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Saturday, 27 May 2017

Kakadu - wet lands, rock art and water crossings!

03 - 06/05/2017
Kakadu (Northern Territory)
Distance Travelled:
236 km

ABORIGINAL cave art:

Heading out of Darwin, we took the Arnhem highway, leading south east from city. On our way to Kakadu, we passed through a little township named Humpty Doo; which led to the boys making up rhymes for the next hour or so, stringing together ‘oo’ words – needless to say, being two young lads, most of the rhymes included ‘poo’ (“We’re off to Kakadu, going through Humpty Doo, to see a moo do a poo”, you get the picture…).

With that hilarity behind us (Oh, please let it be behind us!!), we pulled into our first stop: the Window on the Wet Lands – visitors centre. The aboriginal name for this area is Ludawei, meaning turtle dreaming place, which features proudly in the dreamtime creation stories for the people of this area. This was a little gem of a place, particularly for those with an inquisitive mind. In addition to the helpful young lady sitting at the front desk, poised to answer any informational-type questions a passing visitor may have, there was also a massive display and education area replete with interesting facts about the flora and fauna of the Kakadu wetlands. There were even question and answer worksheets for the boys, which made us feel a little better for not keeping up as rigorously as we should have with their homework. So, with pencil and paper in hand, we spent the best part of two hours exploring the visitors centre, seeking answers to questions about this region.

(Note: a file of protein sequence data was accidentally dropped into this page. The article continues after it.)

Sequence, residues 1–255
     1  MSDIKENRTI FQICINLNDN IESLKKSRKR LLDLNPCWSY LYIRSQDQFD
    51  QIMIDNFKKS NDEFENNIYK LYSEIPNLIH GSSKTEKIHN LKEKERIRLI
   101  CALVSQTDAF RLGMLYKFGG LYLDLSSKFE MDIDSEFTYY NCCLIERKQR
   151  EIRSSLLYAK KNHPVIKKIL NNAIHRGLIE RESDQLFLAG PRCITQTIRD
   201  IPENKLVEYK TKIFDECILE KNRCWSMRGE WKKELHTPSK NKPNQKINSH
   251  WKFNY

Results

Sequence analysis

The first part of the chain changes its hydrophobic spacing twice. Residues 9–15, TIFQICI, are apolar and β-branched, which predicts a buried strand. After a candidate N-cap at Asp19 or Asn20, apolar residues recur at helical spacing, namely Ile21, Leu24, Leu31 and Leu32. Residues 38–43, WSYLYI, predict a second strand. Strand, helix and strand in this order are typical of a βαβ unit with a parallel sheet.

Window of the Wet Lands – Visitor’s Centre